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Warm coats come wrapped in kindness

by LIZ ALLEN, Staff Writer

For 28 years, members of St. Jude and St. Patrick Catholic Churches have stepped up to bundle up the guests of Emmaus Soup Kitchen and Food Pantry.

“We have an extremely generous congregation,” said Kelley Glass, who with her friend, Andrea Hallman, puts out the call every fall for donations of new and gently used coats, jackets, scarves, gloves, and mittens for those in need.

During the height of COVID, the clothing give-away moved outdoors. Now, shopping outside is part of the no-hassle experience for shoppers looking for winter clothing for themselves and their families.

Before the food pantry opened at 9 a.m. on November 6, volunteers efficiently put donations into separate piles for men, women and children. Then they sorted the clothing by size, from toddler all the way up to XXL.

Most items were stacked in tidy displays on tables. But some coats and jackets hung on fences, allowing for easy browsing and artful merchandising.

Varney picked out a 42-long, fleece-lined trench coat to ward off the cold when he rides the bus. He could never have afforded to buy a coat like the one he selected, he said.

The clothing donations are good quality, not cast-offs. And the winter wear does more than just ward off the cold. A tailored full-length coat for an adult or a neon-pink puffy child’s jacket can boost spirits.

Kelley remembers the man who came through the line once wearing a Penn State turtleneck sweatshirt he had received previously. “This is my third time wearing it,” he told her. He reserved it for special occasions, he explained, because the first time he put it on, the university attire gave him the confidence to apply for a job.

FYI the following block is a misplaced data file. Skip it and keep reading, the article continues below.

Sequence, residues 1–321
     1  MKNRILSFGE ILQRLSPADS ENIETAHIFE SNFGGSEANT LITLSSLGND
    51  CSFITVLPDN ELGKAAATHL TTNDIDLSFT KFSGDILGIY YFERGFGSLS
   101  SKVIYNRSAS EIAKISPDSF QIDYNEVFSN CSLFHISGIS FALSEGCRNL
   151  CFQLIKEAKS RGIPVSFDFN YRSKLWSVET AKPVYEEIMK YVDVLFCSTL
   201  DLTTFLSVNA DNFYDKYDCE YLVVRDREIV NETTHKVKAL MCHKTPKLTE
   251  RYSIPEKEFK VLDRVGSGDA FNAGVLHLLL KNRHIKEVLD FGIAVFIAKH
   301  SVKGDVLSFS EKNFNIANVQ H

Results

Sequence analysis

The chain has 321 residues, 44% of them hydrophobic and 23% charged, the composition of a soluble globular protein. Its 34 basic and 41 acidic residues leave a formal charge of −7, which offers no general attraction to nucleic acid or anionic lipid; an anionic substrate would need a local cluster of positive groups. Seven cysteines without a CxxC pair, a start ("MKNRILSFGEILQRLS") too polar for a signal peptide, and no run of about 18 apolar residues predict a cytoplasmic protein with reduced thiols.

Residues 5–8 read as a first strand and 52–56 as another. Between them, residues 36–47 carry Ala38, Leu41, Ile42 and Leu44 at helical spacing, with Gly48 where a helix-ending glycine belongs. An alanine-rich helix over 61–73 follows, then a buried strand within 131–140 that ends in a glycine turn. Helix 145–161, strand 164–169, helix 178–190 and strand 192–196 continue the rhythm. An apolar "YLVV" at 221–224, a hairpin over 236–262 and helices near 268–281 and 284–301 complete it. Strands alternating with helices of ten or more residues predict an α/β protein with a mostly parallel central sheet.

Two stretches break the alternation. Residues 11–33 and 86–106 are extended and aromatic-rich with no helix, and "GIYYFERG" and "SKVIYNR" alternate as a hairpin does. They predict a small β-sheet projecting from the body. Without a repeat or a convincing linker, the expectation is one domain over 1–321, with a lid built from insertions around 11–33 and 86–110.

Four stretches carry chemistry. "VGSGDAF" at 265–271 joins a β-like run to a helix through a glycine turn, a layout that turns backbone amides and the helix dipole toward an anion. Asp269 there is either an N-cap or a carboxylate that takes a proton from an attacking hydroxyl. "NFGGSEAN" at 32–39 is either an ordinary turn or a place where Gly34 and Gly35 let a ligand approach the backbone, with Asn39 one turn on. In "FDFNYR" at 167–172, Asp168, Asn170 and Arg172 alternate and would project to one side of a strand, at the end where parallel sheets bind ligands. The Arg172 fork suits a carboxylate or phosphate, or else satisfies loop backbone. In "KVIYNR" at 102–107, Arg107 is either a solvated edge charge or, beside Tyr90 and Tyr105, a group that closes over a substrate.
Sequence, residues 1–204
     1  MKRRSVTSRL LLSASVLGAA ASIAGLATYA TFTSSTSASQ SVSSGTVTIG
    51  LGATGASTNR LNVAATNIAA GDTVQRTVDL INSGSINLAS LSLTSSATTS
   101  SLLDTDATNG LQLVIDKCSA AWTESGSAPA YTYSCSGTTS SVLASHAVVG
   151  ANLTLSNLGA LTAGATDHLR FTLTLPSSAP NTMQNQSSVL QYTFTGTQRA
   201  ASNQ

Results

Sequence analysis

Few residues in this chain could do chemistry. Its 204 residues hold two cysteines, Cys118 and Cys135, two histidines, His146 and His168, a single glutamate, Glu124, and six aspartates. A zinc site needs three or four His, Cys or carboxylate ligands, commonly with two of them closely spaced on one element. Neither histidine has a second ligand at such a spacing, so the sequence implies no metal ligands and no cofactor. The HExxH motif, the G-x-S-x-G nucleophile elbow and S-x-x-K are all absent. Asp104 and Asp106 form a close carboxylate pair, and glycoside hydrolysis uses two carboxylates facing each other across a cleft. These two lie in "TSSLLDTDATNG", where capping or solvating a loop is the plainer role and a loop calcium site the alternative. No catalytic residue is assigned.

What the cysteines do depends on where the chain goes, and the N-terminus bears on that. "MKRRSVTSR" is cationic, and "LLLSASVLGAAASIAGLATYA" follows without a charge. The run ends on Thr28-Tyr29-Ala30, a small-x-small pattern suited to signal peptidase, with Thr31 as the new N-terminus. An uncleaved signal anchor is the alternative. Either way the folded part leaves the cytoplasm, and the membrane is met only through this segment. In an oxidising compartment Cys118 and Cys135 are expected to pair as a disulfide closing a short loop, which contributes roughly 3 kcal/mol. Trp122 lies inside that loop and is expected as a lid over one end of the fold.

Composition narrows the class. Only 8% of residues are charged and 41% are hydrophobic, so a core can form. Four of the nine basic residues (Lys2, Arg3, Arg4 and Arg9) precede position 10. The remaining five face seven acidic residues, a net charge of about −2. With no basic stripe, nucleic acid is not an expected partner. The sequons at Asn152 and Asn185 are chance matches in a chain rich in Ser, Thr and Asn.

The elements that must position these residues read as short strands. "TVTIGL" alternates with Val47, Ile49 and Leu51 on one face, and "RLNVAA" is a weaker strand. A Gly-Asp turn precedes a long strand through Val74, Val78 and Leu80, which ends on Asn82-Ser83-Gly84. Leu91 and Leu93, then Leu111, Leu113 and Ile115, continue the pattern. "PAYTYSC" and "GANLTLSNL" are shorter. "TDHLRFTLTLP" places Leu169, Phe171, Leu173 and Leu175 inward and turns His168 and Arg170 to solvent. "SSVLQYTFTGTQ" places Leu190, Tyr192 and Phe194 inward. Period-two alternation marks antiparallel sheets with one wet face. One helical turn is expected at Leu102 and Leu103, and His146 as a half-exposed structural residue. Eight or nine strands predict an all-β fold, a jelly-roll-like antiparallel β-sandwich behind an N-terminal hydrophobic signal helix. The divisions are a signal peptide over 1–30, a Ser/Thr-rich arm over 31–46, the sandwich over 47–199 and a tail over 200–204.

Others shared their own stories.

Donald was disappointed that he couldn’t find a heavy winter coat to fit his “broad shoulders” but was delighted to discover a hat with his name on it. He has to have broad shoulders to cope with his diagnosis as an adult on the autism spectrum, with a severe learning disability.

He lives in an old RV, parked in a driveway he rents. “I had a tiny home before tiny homes were ever on TV,” he said. With no running water, he uses water jugs for drinking and to make coffee. “People don’t like me,” he said matter-of-factly. “I’m unique. But these days, being different is dangerous.”

Michelle described the coat event as a “real blessing.” She found a long coat she will wear to walk her dog and a jacket for her 8-year-old grandson, who lives with her and her son.

A man with a walking stick was already wearing three pieces of outerwear. “I keep on wearing this stuff until it wears out,” he said.

A woman who came to Erie from Ukraine in November 2018 was looking forward to being reunited with her brother and his three children, due to arrive Erie two days later from her war-torn country. Her relatives would all need warm jackets, she said.

She doesn’t speak much English, but she wanted to make sure people understood her words of gratitude. “Thank you, America,” she said, referring to U.S. aid for Ukraine. “God bless you,” she said, and to the helpers from Emmaus Ministries and St. Jude’s.

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“This is a real blessing,” said Michelle after she found a jacket for her 8-year-old grandson, who likes to go sledding when the snow flies.

The lined trench coat was a good fit for Varney.

Volunteers Mark Izzo and Mary Nelson helped hand out gloves, scarves, and hats to Emmaus shoppers at the coat giveaway.

Shoppers had a chance to select coats and jackets at a recent event outside of Emmaus Ministries. The donations came from parish members at St. Jude’s Catholic Church.


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